The Red Badge of Courage - Success and Ethics
The Red Badge of Courage (1895)
Written by the American, Stephen Crane (1871-1900),
The Battle of
Chancellorsville (1863) during the
American Civil War
The two opposing sides were the:
- Union army (from the Northern
- Crane died of tuberculosis in England where his book’s anti-war message was much
better received than in America.
- A 1951 film starred Audie Murphy as Henry Fleming (pictured
Henry Fleming, young private in the Union army
Jim Conklin and Wilson, his fellow soldiers and friends
The tattered soldier, an injured soldier
Private Henry Fleming’s regiment of the Union army defeats the Confederates’ first
Terrified, he can’t run away (because he’s boxed in by his fellow soldiers) and he fires mindlessly and
But, faced by another charge, he flees into the surrounding countryside with some of his fellow soldiers.
After an initial feeling that the remaining fighters are fools, he is ashamed of his cowardice after:
- hearing a general praise his regiment.
- reminding himself of his mother’s advice to do his duty.
Shaken, he wanders through a forest and runs away after seeing a soldier’s decaying corpse.
He then joins some wounded soldiers, of whom he is deeply envious, because he thinks that a wound is like
“a red badge of courage”.
He meets a twice shot, tattered soldier (pictured right) who:
- speaks proudly of the fact that his regiment did not flee.
- repeatedly asks Henry how he has been wounded.
This forces Henry to move away, and he eventually sees his fellow solder and friend, Jim
Conklin, who is badly wounded.
Henry promises to take care of him, but he dies with Henry and the tattered (and dying) soldier who
continues to enquire about Henry’s wound. Unable to bear his questioning, Henry
abandons him to die in the forest.
He is close enough to the battlefield to watch some of the fighting. He tries to stop some retreating soldiers
to find out what is happening, but one of them gashes Henry’s head with a rifle. After returning to his regiment,
his friend, Wilson, thinks he has been shot and cares for him.
The next day, the regiment goes into battle. Enraged by Jim Conklin’s death, Henry fights
bravely and then leads a charge carrying the regimental
This prompts his commanders, a colonel and lieutenant, to say that he and Wilson are the best
soldiers in the regiment.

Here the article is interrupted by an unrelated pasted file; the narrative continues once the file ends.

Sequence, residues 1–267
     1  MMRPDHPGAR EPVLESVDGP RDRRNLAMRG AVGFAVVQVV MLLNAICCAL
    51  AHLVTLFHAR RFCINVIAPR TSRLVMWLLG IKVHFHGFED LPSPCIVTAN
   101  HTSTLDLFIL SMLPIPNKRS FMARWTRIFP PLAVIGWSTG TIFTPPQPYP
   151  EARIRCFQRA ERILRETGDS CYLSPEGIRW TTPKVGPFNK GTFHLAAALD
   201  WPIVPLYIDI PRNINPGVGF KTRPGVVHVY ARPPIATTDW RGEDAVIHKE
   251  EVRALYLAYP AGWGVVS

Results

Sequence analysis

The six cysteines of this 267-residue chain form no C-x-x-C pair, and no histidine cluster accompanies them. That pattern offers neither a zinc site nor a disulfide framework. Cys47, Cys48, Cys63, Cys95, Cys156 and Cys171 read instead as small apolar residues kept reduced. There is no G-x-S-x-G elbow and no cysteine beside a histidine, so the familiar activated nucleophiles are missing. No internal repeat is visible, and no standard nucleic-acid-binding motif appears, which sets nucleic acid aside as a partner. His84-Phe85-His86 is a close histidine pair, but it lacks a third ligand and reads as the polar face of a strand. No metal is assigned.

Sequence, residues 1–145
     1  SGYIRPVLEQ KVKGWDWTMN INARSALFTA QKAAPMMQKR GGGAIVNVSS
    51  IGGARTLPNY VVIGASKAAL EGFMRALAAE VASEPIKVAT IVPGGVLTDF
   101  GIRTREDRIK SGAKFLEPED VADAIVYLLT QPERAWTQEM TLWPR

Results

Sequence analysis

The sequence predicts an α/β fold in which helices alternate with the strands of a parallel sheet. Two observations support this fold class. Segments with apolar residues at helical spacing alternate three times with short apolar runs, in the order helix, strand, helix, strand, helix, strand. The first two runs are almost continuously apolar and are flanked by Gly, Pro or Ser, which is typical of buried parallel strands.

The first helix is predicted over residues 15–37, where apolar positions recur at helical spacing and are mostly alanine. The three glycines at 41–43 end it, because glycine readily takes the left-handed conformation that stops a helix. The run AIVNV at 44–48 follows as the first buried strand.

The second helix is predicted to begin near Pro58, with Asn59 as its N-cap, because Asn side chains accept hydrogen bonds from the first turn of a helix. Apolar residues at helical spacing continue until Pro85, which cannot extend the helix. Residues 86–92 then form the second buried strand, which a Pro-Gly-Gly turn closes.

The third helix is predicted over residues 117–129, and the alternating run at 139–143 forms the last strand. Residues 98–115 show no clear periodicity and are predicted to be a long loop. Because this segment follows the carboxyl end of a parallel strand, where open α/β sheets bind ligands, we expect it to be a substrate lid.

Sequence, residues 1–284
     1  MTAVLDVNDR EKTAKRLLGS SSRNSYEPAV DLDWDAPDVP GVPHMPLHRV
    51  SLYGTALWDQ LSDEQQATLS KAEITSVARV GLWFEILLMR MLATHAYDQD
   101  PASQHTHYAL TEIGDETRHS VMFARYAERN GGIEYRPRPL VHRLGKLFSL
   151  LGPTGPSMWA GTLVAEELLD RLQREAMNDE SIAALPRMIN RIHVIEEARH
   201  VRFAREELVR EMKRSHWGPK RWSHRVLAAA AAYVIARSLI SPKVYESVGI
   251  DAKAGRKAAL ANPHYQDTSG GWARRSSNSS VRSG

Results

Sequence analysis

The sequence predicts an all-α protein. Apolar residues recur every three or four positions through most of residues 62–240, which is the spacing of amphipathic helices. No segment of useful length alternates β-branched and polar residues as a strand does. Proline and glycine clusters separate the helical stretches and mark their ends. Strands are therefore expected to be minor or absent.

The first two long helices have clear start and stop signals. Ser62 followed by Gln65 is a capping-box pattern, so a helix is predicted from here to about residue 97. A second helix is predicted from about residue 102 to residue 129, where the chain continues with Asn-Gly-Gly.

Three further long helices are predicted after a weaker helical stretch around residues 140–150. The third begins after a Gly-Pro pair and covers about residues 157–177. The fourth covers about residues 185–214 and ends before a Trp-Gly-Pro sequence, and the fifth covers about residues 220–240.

Henry again carries the flag in a victorious charge. Wilson takes the enemy flag and four prisoners are
Henry briefly remembers his cowardice the previous day and his abandonment of the dying tattered man.
But his guilt disappears when he thinks of his bravery through “the red sickness” of
battle. He is now able to look forward to peacetime with quiet pride and
Lessons for success and ethics
1. Self-respect through self-sacrifice
Henry learns the importance of courage and duty taught by his
This gives him his self-respect back after the shame of his cowardice.
2. Listen to your conscience
The tattered soldier’s constant nagging is Henry’s conscience.
3. You can’t do everything on your own
The regiment’s success in battle is a team effort with soldiers (like Henry) fighting
individually but co-operating well with each other.
Henry is pictured right with another soldier (Bill Maudlin) in the film.
4. Nobody is perfect
Like everybody else, he has:
- weaknesses (his cowardice).
- strengths (bravery and learning from mistakes).
5. Never stop learning
Henry learns from his:
- mother’s moral responsibility.
- fellow soldiers, particularly Wilson and Jim Conklin (Henry is inspired by their
bravery and support)
6. Empowerment and self-belief are important
At first Henry fights mechanically and mindlessly, feeling part of a big military machine and becoming:
“not a man but a member”.
He is much more courageous and self-confident when he discovers his own:
He takes responsibility for his own actions rather than relying on other people to tell
him what to do.
Henry is pictured right in battle in the film.
7. Humility is vital
Wilson discovers quiet self-belief and resolve from recognizing
a) life’s relative insignificance
b) vulnerability (prompting him to give Henry a letter for his family if he should
Henry, too, learns humility from realizing that:
- the world will go on without him.
- everyone, great or small, will meet the same fate of death.
8. Adversity can be advantageous
Despite its horrors, war makes Henry and Wilson:
9. Be a principled pragmatist
Jim Conklin has principles ,particularly
But he also pragmatically changes his principles according to different
He tells Henry that he would:
- run (if other soldiers did).
Henry is pictured right with two other soldiers in the film before going into battle.
Key quotes on ethics and integrity
He wished that he, too, had a wound, a red badge of honour.
A serious prophet upon predicting a flood should be the first to climb a tree,
Henry (justifying his cowardice)
Key quotes on war
He turned now with a lover’s thirst to images of tranquil skies, fresh meadows, cool brooks – an existence of
soft and eternal peace (on Henry leaving the battle)
It was a woman, red and white, hating and loving, that called him with the voice of his hopes (on Henry and the
Key quotes on teamwork
He became not a man but a member ... He was welded into a common personality which was dominated by a single
desire (on Henry’s automatic rifle firing)
Two literature websites to